Why Organizing Isn’t About De-Cluttering

Organizing isn’t about de-cluttering.

Before today’s article, I just wanted to thank you for sticking with us during the 31 Days of Clutter-Free Living series. You can click over to see all of the articles. Today also happens to be article #501 on this li’l ol’ blog of mine. (Commence the Happy Dance!) It would have been 500, but one sneaked by me again yesterday when it wasn’t quite finished, so I’ve prettied it up for you: How to Be The Most Productive Person In Your Office. I hope you enjoy this last article in January, and stick with me for the rest of the year. If you haven’t already, just enter your email in “subscribe to blog” on the right over there>>>, and you’re in!

Why Organizing Isn’t About De-Cluttering

Before you think I’ve gone off the professional organizer’s wagon, let me explain. This time of year especially, there is a lot of noise about de-cluttering. I do it myself, and highly recommend it. But if you are truly interested in getting organized, there is something even more critical, and that is to stop the “cluttering” in the first place.

how to stop decluttering by ending cluttering

I would never call myself a minimalist. That just feels too extreme for me, honestly.

When I was in my 20’s, I was married to a man who wanted things. Toys. Cars. Stuff. But we didn’t have the money to keep all of those things nice, and in good working order. I purchased a house at the age of 19, but never felt like I had money to make it the nicest house on the block. We had 2 cars and even a motorcycle, but often struggled with keeping them running. We traveled, but never, ever first class.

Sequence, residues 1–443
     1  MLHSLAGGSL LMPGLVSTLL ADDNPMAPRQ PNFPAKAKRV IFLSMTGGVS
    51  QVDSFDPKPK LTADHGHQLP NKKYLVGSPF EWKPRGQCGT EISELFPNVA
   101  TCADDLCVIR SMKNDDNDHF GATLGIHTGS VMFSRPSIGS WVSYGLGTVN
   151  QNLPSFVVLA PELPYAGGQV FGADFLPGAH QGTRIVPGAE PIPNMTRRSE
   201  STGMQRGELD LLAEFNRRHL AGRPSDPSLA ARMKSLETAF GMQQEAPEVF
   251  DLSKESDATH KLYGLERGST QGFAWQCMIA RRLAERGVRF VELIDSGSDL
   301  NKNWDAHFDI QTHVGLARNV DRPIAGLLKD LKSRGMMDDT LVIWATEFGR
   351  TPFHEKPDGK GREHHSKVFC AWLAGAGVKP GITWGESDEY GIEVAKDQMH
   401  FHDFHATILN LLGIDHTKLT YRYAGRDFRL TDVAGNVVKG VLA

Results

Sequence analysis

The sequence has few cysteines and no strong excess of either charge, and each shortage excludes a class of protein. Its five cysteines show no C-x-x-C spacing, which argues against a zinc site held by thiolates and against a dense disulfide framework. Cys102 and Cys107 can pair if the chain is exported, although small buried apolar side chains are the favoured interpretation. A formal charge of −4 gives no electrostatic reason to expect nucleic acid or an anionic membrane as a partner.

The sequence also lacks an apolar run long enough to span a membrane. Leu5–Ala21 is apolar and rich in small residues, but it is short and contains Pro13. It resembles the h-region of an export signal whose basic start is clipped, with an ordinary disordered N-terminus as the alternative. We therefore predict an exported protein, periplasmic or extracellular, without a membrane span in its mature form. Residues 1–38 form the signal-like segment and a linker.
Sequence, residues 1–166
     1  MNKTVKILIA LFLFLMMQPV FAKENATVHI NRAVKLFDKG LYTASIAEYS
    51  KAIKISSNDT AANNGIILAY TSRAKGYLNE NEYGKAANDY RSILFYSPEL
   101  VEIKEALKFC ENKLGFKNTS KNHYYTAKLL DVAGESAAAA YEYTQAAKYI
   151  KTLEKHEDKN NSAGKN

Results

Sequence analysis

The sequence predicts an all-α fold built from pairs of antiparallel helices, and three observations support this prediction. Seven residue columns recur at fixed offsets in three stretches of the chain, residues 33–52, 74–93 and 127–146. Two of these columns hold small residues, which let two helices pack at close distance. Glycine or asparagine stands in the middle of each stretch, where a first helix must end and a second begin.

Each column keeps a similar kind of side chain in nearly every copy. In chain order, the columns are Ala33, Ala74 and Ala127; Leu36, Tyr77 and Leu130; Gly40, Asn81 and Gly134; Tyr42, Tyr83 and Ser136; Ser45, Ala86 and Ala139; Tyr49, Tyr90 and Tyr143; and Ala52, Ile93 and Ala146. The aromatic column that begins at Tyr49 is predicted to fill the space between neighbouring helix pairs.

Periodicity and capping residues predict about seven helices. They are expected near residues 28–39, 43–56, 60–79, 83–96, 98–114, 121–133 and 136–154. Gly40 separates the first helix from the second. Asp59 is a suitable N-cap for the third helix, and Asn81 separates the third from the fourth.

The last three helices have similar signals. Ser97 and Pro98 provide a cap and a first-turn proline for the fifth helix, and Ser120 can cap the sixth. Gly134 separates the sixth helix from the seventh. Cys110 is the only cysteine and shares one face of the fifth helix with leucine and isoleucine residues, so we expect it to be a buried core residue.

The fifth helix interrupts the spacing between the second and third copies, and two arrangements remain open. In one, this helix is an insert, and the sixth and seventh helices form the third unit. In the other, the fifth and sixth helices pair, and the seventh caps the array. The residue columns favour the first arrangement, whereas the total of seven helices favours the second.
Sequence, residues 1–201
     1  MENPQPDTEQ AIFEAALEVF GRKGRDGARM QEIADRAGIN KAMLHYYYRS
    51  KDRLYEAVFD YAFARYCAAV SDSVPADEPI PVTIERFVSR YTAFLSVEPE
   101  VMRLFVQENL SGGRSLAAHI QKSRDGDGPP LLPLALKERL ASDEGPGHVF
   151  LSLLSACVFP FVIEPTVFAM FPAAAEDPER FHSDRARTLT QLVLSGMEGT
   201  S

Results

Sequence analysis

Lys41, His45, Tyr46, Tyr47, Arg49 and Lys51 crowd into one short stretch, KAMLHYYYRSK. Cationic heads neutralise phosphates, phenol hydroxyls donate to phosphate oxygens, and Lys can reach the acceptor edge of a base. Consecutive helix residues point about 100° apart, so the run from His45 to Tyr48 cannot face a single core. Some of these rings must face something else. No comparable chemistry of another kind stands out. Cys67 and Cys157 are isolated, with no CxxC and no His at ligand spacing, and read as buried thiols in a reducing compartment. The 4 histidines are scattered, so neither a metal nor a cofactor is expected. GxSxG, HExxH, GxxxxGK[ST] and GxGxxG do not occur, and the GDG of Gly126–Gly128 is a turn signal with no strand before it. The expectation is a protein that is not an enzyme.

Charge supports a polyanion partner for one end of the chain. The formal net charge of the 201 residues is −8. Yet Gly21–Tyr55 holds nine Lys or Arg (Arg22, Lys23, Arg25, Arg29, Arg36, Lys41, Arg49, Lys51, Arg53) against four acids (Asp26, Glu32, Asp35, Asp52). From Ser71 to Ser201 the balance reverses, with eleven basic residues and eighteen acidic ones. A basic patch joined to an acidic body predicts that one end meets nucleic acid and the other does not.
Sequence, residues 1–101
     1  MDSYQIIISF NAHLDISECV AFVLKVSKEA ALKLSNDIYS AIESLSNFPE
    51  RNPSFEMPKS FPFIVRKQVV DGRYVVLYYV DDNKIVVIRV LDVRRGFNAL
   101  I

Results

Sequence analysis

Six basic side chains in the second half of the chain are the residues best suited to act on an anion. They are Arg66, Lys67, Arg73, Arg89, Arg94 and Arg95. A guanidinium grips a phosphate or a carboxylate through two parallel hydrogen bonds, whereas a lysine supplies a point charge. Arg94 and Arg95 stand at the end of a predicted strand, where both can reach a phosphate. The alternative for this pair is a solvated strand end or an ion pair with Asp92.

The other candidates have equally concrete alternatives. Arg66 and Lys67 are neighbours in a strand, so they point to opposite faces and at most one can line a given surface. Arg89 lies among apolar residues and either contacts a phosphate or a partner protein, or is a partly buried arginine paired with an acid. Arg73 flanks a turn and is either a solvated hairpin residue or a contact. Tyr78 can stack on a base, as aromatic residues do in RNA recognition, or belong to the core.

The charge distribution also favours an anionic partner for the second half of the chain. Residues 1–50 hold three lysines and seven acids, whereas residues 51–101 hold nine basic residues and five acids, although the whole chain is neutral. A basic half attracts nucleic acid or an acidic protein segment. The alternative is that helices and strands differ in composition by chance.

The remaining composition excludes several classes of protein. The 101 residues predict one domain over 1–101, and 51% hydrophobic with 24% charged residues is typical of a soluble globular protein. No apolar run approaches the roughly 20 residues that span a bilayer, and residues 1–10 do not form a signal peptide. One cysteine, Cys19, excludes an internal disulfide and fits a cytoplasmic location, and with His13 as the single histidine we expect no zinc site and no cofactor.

That’s when I decided that I’d rather have fewer things, but things of higher quality.

There are all sorts of blog challenges to declutter. Part with 40 bags in 40 days. Toss just one thing a day. Pare your closet down to 6 loved but hard-working items. (No, thank you.) One colleague I’m following is urging her followers to get rid of 2,000 things this year.

Um, that sounds great, but how about not bringing those 2,000 things into my life in the first place? Then I have more money, more space, and less trash.

Because even if we’re recycling, donating, and freecycling our cast-offs, we’re the ones who have to carry in, dust, fix, shuffle, organize and carry those things out in the trash. That all takes money, space, time and brain cells.

This is only the first few days of your new Clutter-Free life.

What will you do differently to live more in balance the rest of the year, without bringing new clutter home?

Because organizing isn’t about de-cluttering. It’s about learning not “to clutter” in the first place.

31 Days of Clutter-Free Living Organizing